When the Egyptian government recently ordered Internet service providers (ISPs) and mobile carriers to shut down Web access across the country, it didn't just prevent protesters from posting to Facebook and Twitter. Businesses were cut off from the world, too. Cairo-based branches and regional offices of global enterprises lost wide area network (WAN) connectivity, highlighting the need for some WAN managers to develop a wide area network
Ernest Ostro was in Cairo the day the protests started, helping set up a new branch office for Pathfinder International, a global nonprofit which provides reproductive health services throughout Africa, Asia and the Middle East.
"When Egypt [got] completely cut, there [wasn't] really any alternative for where we could reroute traffic," said Ostro, Pathfinder's director of information services.
IT pros are accustomed to preparing the WAN for environmental disasters or equipment failures, and a wide area network disaster recovery plan for political turmoil isn't wildly different, according to Ray Barber, senior executive and consultant at decision/analysis partners LLC, who is designing the first IT and telecom infrastructure for a city in the West Bank.
"Political unrest is just one additional factor to consider because you always have environmental issues and things like floods, earthquakes or tornados that [can affect WAN connectivity]," said Barber, who has also consulted clients building networks in Mauritius, Guatemala and Indonesia. "A lot of it is common sense -- best practices that you could use anywhere."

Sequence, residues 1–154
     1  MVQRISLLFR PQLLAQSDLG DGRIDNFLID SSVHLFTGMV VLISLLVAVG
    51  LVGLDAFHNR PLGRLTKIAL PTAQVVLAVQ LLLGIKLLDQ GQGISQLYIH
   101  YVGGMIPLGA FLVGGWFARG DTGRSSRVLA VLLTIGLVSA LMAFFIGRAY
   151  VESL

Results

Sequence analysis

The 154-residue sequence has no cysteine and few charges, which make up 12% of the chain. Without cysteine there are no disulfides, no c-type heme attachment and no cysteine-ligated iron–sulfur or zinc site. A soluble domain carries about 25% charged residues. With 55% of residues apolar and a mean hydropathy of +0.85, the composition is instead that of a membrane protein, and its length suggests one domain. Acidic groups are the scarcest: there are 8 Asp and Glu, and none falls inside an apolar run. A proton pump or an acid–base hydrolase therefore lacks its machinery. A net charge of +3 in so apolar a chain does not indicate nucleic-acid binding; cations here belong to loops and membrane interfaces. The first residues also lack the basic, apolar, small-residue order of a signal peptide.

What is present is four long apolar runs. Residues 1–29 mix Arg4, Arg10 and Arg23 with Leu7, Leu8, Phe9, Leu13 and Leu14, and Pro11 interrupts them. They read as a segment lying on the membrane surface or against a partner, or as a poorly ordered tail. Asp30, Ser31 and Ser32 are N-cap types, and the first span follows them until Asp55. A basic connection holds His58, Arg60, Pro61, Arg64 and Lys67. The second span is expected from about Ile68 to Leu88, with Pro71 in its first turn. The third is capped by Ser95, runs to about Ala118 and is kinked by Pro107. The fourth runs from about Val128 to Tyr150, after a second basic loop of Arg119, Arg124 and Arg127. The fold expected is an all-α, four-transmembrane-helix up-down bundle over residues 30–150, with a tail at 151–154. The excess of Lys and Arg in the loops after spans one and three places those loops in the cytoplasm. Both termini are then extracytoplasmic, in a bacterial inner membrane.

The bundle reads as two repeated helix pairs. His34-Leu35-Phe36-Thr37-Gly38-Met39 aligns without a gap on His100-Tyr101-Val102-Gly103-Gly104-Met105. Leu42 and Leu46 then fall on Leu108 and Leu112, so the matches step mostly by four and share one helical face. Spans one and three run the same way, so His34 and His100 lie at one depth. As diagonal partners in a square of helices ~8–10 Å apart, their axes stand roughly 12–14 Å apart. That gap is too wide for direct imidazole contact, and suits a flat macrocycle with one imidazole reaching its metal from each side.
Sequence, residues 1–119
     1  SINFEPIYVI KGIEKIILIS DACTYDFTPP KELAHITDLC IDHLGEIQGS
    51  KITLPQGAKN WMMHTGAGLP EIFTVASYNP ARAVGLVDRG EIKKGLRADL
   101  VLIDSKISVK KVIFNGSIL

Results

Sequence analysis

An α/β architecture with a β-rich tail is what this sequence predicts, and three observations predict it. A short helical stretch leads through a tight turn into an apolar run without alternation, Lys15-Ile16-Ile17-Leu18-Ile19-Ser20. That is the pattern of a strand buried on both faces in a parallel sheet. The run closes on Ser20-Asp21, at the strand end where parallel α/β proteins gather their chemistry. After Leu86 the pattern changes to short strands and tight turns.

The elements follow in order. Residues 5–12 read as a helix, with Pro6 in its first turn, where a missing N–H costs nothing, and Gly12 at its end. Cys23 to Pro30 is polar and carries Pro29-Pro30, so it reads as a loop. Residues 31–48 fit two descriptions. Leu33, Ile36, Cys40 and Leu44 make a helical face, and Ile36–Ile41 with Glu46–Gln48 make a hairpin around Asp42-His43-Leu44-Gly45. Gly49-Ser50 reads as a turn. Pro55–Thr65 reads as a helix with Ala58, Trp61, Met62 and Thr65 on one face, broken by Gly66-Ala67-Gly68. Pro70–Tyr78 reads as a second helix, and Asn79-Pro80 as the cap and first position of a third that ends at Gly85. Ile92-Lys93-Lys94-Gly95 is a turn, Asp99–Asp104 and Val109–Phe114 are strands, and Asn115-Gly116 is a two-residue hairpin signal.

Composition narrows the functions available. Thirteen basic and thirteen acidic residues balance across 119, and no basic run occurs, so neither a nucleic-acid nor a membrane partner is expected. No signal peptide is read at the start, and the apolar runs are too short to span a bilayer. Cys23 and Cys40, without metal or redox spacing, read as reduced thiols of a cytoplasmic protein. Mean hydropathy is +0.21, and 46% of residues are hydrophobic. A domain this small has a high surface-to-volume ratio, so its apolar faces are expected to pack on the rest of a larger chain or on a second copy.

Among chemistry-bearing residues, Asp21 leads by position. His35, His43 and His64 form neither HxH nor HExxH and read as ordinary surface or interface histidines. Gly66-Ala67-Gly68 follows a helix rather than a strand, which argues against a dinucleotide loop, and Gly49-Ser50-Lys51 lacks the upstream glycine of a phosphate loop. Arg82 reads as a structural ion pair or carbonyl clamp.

A wide area network disaster recovery plan for civil unrest
Pathfinder has one established branch office in Cairo, and Ostro traveled to the city last month to set up a second one. He arrived there the day the protests began. The government flipped the Internet kill switch a few days later.
Unlike more volatile parts of the world where Pathfinder operates, the nonprofit's Cairo branch had always enjoyed stable WAN connection. Ostro had deployed WAN optimization and hardware-based virtual private network (VPN) gear that connected back to his data center over the Internet.
However, Ostro's wide area network disaster recovery plan ensured that the Egyptian government's decision to shut down the Internet wouldn't leave Pathfinder's branches completely isolated from the WAN. Most remote users can use dial-up modems as a last resort, and branches in chronically unstable areas are outfitted with satellite phones and data connections.
Most of Pathfinder's employees are also accustomed to working offline, Ostro said. Pathfinder eventually shut down its Cairo office for safety reasons during the protests, but users had been able to complete some work using landline phones and local resources.
"We face versions of this problem all the time in that we often work in places that don't have [reliable] network connectivity," Ostro said. "From our point of view, it's not such a huge crisis…We're not so driven by communications that we can't function without it. We're not Facebook."